You have just been awarded by  Universitat Internacional de Catalunya‘s Best Transformative Project for “Toilet Block for Themi School, Tanzania” can you tell us about it and what does this recognition mean?

Receiving the “Best Transformative Project” award from Universitat Internacional de Catalunya for our initiative, the “Toilet Block for Themi School, Tanzania,” holds profound significance for our team. This serves as a validation of our efforts and reinforces our commitment to helping vulnerable communities in Tanzania and beyond.

The recognition acknowledges the countless hours, dedication, and passion that we have invested in this project. It affirms that our approach to creating sustainable solutions for essential facilities like toilet block is making a positive impact on the lives of the people we aim to assist.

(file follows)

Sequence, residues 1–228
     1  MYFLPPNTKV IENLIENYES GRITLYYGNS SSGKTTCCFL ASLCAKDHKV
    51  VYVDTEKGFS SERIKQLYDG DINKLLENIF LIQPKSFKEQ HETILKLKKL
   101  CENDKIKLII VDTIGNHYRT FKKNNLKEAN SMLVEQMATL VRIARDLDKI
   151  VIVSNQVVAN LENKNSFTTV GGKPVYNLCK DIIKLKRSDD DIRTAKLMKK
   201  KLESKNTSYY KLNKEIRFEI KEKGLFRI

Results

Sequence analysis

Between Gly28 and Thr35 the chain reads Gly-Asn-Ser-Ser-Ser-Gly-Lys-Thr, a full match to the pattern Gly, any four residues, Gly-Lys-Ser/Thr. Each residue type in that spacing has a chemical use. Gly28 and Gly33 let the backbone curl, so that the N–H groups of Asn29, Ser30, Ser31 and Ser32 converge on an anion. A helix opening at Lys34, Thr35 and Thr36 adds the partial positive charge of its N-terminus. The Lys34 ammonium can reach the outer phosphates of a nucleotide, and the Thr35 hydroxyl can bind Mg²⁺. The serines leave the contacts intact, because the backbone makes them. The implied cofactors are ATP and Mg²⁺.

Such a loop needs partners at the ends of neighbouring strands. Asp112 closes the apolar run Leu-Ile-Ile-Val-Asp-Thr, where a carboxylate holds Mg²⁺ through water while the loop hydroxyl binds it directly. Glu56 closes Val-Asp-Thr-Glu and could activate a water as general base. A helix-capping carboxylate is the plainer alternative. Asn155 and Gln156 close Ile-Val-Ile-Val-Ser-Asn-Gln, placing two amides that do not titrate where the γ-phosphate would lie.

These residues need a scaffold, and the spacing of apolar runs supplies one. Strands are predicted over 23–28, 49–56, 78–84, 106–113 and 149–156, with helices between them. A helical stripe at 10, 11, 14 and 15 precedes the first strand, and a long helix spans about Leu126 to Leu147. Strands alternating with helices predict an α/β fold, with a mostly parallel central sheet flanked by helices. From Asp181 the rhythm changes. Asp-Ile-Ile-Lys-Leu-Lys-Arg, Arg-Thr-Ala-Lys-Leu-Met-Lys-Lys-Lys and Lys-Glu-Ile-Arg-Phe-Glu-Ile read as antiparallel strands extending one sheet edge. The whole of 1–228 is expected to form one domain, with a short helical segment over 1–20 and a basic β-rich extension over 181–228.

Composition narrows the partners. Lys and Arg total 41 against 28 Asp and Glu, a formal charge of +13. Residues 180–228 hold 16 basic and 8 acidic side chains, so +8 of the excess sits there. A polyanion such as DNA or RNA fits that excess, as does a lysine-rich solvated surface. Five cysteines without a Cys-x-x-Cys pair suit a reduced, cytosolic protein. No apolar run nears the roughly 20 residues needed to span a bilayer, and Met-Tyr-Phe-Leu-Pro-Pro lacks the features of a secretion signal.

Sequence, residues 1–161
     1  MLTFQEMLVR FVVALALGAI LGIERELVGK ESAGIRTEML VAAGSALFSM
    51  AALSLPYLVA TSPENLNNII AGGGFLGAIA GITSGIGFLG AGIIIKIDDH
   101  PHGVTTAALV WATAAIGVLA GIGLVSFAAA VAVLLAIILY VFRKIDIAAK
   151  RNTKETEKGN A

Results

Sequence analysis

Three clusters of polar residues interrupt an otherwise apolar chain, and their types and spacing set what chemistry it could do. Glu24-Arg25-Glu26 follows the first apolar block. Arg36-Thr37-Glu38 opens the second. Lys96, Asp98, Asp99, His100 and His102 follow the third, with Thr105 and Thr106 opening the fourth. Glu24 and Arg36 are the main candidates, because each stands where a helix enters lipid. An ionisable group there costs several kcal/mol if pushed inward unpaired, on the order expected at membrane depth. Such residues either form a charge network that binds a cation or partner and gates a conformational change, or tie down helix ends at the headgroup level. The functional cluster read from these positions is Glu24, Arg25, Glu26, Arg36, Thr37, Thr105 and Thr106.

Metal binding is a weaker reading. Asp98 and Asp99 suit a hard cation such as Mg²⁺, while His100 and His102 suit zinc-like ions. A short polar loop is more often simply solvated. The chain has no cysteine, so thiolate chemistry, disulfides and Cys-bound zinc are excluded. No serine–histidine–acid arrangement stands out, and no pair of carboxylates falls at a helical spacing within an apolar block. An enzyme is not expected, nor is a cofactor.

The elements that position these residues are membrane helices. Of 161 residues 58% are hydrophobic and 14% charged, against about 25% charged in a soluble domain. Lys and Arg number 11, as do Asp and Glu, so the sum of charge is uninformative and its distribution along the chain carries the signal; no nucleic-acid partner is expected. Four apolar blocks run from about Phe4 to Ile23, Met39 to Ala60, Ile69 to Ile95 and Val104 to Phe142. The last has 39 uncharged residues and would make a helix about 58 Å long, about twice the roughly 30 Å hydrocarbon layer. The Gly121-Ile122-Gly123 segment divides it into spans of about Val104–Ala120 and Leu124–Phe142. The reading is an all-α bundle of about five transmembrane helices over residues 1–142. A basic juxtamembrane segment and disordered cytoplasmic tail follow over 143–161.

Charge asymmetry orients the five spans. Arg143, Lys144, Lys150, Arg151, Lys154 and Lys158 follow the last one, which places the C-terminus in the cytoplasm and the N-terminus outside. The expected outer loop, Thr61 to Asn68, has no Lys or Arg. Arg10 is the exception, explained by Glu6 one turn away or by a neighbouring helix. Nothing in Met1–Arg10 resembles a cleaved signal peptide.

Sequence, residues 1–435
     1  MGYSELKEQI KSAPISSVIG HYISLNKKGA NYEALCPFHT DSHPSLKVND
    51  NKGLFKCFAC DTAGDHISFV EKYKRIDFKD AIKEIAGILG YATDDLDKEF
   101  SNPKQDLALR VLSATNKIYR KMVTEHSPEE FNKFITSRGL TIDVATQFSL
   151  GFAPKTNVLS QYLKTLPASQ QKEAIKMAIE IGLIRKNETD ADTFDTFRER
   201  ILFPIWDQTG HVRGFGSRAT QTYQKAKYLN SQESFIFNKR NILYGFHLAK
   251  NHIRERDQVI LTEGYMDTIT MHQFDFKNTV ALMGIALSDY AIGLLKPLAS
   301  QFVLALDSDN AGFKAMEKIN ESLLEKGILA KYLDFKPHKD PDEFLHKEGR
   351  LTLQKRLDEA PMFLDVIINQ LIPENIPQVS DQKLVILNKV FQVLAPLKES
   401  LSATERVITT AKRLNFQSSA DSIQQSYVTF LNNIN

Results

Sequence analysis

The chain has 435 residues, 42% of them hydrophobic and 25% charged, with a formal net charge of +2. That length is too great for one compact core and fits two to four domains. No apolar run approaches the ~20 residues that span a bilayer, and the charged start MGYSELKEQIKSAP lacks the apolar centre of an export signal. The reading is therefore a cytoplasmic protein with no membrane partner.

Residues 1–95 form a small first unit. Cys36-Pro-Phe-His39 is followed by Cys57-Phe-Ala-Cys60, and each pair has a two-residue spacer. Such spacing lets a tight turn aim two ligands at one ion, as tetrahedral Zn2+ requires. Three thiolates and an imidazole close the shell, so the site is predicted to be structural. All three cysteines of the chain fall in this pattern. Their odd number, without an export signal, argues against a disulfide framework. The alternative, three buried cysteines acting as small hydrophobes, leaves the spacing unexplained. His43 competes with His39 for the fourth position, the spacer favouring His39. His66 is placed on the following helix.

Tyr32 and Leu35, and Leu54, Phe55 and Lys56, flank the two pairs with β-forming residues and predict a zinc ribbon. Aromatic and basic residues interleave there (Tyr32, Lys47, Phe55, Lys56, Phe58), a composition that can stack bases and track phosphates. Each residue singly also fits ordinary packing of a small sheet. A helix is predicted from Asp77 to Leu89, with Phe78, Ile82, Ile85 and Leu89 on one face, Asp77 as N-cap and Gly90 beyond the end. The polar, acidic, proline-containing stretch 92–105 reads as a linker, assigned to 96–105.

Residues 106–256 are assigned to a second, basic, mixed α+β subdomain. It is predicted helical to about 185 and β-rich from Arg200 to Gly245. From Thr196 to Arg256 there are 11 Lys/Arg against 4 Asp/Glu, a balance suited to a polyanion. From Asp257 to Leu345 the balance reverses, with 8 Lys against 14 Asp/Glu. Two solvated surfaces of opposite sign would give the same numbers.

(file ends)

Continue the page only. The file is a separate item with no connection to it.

Beyond the honor itself, this award also provides us with much-needed support to continue our mission. The acknowledgment from a reputable institution like Universitat Internacional de Catalunya encourages us to reach even greater heights and fuels our determination to expand the positive impact we can make.

Valentina contributing to the construction of a Dispensary in a Maasai Village in Tanzania.

Leave a Reply